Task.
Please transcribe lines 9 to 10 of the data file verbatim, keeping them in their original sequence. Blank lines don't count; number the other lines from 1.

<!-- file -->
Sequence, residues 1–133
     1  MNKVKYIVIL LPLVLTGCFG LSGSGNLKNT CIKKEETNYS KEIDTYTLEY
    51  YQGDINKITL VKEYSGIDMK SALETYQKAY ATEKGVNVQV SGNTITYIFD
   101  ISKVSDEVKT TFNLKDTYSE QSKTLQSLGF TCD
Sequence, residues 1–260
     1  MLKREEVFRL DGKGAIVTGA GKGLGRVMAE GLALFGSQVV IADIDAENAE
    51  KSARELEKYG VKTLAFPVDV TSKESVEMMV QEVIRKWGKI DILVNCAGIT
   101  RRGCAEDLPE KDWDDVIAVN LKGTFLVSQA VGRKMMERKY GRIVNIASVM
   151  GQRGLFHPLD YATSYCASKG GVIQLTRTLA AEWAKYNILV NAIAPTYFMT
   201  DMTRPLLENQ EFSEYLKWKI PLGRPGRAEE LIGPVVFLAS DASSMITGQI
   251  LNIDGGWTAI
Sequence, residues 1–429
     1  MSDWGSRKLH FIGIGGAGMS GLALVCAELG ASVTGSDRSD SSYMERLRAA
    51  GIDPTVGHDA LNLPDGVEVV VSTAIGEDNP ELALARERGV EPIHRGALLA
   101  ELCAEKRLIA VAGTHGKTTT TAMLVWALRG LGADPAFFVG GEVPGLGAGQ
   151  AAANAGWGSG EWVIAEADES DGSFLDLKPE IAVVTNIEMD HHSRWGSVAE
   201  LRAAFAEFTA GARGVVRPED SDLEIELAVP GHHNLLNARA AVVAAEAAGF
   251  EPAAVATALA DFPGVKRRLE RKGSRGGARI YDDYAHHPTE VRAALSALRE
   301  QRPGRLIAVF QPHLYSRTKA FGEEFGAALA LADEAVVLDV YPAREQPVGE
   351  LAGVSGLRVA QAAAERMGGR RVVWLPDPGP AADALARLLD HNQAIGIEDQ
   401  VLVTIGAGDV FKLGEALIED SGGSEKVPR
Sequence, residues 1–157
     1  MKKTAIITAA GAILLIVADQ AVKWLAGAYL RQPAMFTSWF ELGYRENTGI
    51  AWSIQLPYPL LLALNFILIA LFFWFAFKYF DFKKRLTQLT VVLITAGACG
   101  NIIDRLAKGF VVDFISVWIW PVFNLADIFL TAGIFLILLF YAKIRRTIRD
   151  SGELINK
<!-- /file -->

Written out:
   151  GQRGLFHPLD YATSYCASKG GVIQLTRTLA AEWAKYNILV NAIAPTYFMT
   201  DMTRPLLENQ EFSEYLKWKI PLGRPGRAEE LIGPVVFLAS DASSMITGQI